Asbestos hazards are addressed in specific standards for general industry, maritime, and construction. This section highlights OSHA standards and documents related to asbestos in construction.

OSHA Standards
Construction (29 CFR 1926)
Related Information
Subpart Z – Toxic and Hazardous Substances 1926.1101, Asbestos.

For information on state or other standards, see the Asbestos - Standards page.

National Consensus Standards

Note: These are NOT OSHA regulations. However, they do provide guidance from their originating organizations related to worker protection.

American National Standards Institute (ANSI)/American Society for Testing and Materials (ASTM)
  • ASTM E1368, Standard Practice for Visual Inspection of Asbestos Abatement Projects. Establishes accepted practices for evaluating asbestos abatement projects.
  • ASTM E2356, Standard Practice for Comprehensive Building Asbestos Surveys. This practice describes procedures for conducting comprehensive surveys of buildings and facilities for the purpose of locating, identifying, quantifying, and assessing asbestos-containing materials.
  • ASTM E2394, Standard Practice for Maintenance, Renovation and Repair of Installed Asbestos Cement Products. This practice describes work practices for asbestos-cement products when maintenance, renovation, and repair are required. This includes common tasks such as drilling and cutting holes in roofing, siding, pipes, etc. that can result in exposure to asbestos fibers if not done carefully.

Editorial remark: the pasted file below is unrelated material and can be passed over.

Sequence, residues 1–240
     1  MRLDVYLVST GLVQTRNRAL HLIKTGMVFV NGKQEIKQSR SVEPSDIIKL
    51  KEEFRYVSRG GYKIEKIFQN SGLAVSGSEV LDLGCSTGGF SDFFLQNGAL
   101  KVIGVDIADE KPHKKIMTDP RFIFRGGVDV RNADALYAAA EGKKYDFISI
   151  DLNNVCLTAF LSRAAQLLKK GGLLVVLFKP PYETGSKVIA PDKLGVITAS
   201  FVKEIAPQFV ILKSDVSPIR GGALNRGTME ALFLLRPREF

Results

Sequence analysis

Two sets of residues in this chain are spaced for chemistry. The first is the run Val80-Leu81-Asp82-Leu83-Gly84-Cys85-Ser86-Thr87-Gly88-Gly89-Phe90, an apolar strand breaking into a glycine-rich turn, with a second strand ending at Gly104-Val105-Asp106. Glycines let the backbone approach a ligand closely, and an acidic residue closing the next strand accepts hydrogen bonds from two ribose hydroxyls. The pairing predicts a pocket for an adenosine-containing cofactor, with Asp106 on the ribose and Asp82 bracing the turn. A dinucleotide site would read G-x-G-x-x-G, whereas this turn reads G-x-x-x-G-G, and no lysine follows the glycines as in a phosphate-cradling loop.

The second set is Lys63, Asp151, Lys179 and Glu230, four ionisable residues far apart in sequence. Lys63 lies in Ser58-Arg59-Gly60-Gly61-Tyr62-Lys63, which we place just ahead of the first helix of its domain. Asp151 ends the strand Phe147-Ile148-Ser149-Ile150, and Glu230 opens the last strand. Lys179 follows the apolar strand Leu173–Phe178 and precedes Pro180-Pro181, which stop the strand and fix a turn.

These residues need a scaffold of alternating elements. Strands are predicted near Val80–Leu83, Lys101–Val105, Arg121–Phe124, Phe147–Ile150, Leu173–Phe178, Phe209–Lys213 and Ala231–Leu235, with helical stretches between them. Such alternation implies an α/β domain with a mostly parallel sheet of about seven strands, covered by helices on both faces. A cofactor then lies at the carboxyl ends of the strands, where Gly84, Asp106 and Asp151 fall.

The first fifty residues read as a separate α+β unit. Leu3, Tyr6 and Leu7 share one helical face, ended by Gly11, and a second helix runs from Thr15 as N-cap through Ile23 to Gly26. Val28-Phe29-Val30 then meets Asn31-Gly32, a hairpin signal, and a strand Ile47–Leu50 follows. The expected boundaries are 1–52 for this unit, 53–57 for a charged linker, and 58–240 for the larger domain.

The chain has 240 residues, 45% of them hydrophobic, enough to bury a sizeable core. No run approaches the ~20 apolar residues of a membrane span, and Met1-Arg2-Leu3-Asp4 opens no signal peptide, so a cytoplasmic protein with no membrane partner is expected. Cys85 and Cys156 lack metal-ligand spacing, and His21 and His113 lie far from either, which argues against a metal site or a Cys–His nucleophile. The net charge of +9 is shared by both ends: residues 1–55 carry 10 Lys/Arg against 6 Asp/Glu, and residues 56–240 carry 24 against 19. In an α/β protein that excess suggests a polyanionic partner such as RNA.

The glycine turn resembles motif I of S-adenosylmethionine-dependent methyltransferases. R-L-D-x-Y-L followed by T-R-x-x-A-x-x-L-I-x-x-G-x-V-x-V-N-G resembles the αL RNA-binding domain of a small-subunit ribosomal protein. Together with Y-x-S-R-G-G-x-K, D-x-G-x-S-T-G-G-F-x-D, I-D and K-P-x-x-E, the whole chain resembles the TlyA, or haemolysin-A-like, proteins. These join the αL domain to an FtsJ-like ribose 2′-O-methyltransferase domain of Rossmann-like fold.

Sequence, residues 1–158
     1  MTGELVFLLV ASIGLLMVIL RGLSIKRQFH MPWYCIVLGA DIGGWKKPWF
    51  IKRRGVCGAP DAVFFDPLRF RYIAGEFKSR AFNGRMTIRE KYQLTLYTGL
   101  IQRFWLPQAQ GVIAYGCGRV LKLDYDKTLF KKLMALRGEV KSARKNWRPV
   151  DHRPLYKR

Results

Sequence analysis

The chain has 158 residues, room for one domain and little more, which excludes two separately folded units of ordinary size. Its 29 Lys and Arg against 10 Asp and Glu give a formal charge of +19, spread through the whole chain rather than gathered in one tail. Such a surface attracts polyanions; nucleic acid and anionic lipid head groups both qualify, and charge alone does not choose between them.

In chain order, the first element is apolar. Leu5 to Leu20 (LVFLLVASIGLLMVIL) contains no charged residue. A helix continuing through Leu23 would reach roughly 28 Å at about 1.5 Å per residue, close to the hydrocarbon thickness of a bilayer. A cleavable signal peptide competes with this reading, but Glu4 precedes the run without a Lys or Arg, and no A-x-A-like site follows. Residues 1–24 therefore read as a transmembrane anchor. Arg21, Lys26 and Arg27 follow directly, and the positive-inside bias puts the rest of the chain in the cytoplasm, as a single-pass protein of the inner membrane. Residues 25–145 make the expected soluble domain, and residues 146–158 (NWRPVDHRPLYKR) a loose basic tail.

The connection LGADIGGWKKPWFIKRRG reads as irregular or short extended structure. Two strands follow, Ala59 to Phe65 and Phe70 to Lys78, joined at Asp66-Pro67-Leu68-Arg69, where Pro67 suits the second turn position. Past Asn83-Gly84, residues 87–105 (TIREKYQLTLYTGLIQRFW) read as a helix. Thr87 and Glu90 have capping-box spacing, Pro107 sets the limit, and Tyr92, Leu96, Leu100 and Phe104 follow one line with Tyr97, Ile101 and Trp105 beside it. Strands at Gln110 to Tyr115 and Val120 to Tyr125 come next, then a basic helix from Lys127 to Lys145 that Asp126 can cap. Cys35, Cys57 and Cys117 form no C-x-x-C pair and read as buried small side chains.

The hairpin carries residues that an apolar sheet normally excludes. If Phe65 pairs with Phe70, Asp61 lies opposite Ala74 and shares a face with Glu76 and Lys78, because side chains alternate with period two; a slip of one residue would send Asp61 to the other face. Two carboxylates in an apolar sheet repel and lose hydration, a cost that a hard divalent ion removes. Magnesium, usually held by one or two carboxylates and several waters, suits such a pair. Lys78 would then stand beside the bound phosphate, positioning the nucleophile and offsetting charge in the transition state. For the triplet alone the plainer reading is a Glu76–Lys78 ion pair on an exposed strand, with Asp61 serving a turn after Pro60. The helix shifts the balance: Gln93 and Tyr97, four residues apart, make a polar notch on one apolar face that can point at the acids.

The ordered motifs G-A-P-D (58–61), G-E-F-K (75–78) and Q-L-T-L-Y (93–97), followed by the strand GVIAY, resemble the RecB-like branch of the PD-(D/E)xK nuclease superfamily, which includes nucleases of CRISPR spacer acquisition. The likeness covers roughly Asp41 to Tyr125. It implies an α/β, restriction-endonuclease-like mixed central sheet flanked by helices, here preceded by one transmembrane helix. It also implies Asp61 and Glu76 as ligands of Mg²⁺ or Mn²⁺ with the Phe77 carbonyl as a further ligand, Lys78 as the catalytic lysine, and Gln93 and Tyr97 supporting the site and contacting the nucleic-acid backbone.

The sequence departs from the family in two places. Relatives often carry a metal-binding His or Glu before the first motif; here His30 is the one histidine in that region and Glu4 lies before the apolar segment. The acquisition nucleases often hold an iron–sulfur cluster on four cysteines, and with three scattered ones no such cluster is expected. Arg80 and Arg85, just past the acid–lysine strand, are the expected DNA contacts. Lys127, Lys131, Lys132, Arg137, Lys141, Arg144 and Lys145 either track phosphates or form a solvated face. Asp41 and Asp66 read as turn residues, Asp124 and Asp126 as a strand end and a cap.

Evaluating and Controlling Exposure
Medical surveillance

Medical surveillance guidance is provided in the following appendix to the OSHA Standards:

Exposure monitoring

Exposure monitoring samples must be analyzed by Phase Contrast Microscopy (PCM) for OSHA purposes. PCM methods accurately assess fiber exposure levels, but PCM can not differentiate between asbestos and non-asbestos fibers. Transmission Electron Microscopy (TEM) methods may be used to identify fibers, but may not be used to quantify air concentrations for occupational exposure.

Bulk sample analysis

Bulk sample analysis should be done by Polarized Light Microscopy (PLM). Bulk analysis results will likely apply to both OSHA and EPA regulations.

Asbestos Removal
Other Resources
Related Safety and Health Topics Pages
Additional Information
  • Construction. OSHA's Alliance Program. This is one of OSHA's Strategic Management Plan Focus Areas.